“Sorry, I cannot sit through the prayers because I am on my period…”
Does that sound familiar? I am sure it does! Not surprisingly, many of us have either turned down invitations for religious or related ceremonies or have had our relatives, friends and acquaintances do just that because of our monthly menstrual cycles.
I was born in India and I also thought on similar lines – I used to avoid going to temples during this phase of the month. I don’t remember my mother ever explicitly asking us to follow this norm but I was well aware of it, perhaps I had learnt of this from my friends or may have overheard someone talk about this inside or outside of the family. It seemed to be a norm, something that was accepted and adhered to.
I am (generally) not a rebel and I usually choose my battles wisely. Having said that, the restrictions surrounding menstruation did not pose as a threat to my freedom, nor did it affect me emotionally. I don’t remember thinking in those terms at that age any way. However, I do recall one instance where I couldn’t go to a jagrata in the neighborhood, an all night long Hindu ritual which is celebrated in honour of Maa Durga.All my friends went for it but I missed out on the tasty prasaad. I am sure I must have asked the question: “Why could I not go?” but I do not remember the response I received.
My trips to the temple were, in some way or another influenced by these ‘dates.’ However,this had little or no impact on me as such. Years went by and the custom continued, until the ‘D-day’ arrived;yes, my wedding day. I had this beautiful lehenga that I was waiting to get into, all nervous but excited and amidst these feelings, my period unexpectedly decided to pay me a visit!
Traditionally speaking, menstruation is seen as a form of impurity (Rierdan and Rise, 1995). It is considered a culturally sensitive subject and not generally spoken about in public. Procter & Gamble’s ‘Whisper’and Ipso, conducted a survey among 1,105 women and 202 men across 10 cities in India in 2014. It was reported that 75% women purchased pads in a brown bag or newspaper and of course we all know why! Women find it embarrassing to talk about their period due to its associated shame, forget about carrying sanitary napkins in transparent bags. Let me tell you this, this survey was conducted among urban men and women, so it is you and me and not just women in villages or slums (as one may like to think) that hold such views about menstruation.
Strangely, on one hand, menarche which is the onset of menstruation is often defined as the readiness of a girl for marriage and is considered to be a cause for celebration. On the other hand,we consider periods to be unclean. In our culture, where childbirth gives one a chance to celebrate the creation of life and which is for a woman, her biggest rites of passage, we consider the reproductive cycle, which prepares a woman’s body for pregnancy each month, to be unholy.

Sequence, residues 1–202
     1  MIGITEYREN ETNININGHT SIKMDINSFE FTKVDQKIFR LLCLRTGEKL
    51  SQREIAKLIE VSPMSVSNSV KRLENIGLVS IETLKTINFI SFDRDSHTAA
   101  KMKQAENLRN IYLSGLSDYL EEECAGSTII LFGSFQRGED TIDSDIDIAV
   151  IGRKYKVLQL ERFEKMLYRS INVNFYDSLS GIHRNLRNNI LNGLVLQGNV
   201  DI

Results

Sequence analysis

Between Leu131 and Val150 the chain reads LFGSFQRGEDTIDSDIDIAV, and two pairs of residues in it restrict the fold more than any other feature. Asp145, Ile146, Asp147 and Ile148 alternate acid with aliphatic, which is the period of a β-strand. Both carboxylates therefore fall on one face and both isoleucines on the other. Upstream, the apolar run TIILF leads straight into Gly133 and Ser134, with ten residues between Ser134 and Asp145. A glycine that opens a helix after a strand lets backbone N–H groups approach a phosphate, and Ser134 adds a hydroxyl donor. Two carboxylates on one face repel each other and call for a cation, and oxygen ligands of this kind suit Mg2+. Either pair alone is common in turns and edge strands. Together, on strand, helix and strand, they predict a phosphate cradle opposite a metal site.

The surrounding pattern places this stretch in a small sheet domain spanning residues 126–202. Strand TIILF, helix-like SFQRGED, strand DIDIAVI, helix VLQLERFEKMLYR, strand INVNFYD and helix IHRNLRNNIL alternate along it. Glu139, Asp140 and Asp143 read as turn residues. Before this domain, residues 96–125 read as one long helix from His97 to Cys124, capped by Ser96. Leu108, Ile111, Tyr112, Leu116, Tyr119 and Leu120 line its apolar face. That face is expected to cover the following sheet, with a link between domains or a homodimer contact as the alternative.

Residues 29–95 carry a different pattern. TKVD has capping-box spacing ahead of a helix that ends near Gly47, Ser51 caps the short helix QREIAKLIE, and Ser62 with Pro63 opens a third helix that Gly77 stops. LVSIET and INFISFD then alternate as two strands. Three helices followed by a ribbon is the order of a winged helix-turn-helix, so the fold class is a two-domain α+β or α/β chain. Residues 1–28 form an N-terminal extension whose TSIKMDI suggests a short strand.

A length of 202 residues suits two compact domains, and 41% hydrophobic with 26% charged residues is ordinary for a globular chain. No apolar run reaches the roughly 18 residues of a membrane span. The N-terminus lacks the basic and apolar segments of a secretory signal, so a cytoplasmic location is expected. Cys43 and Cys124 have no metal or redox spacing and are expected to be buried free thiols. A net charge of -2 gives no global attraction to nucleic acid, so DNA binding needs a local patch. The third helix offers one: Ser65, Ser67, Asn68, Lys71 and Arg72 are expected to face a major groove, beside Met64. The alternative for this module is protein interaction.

So coming back to me and my own experience. In Indian tradition, marriage is a religious ceremony – so would I have refrained from getting married that day? For me, menstrual cycles area natural biological process and I let it flow through its natural course. I understand that they may be painful and/or uncomfortable, but it is certainly not sinful. People who mattered to me were aware of this and isn’t it all that matters after all?
Anyhow, being a social researcher focusing on the reproductive health of women, how could I have let a natural occurrence dull the sparkle of my wedding?
Having said that, I do appreciate and respect other people’s sentiments and if I am ever invited for a religious ceremony, I do let the hosts know ifI am on my period and I try and understand their preference of whether I attend their ceremony or not or how I should attend it.
I have never let my periods come in the way of worship. I don’t believe in treating a menstruating woman as dirty or impure. God is the same for all of us, for rich or poor, for men or women, whether we are bleeding or not.
I think it is time we spoke openly about menstruation in order to help us all break through the bondages of myths and taboos. Media is very powerful and in a country like India, it can do wonders in creating positive change in society. I am curious to see how the upcoming Bollywood movie #Padman will be received by the Indian audience and if it will be able to create a stir and whether or not it will be a step in the right direction in starting a dialogue about this very taboo topic. Well, I certainly hope so!
P.S.: This blog attempts to put forward some of the learning and thoughts that have arisen from my doctoral research in addition to my first-hand experiences.
Author: Dr. Radhika Katarya (Ph.D.)
Dr. Radhika is a HR Business Partner by profession and a mum of 2, married to a loving husband. She is also a writer/blogger who in her words writes with her heart. You can read more of her articles at: Passion For Life
Editor: Divya Rosaline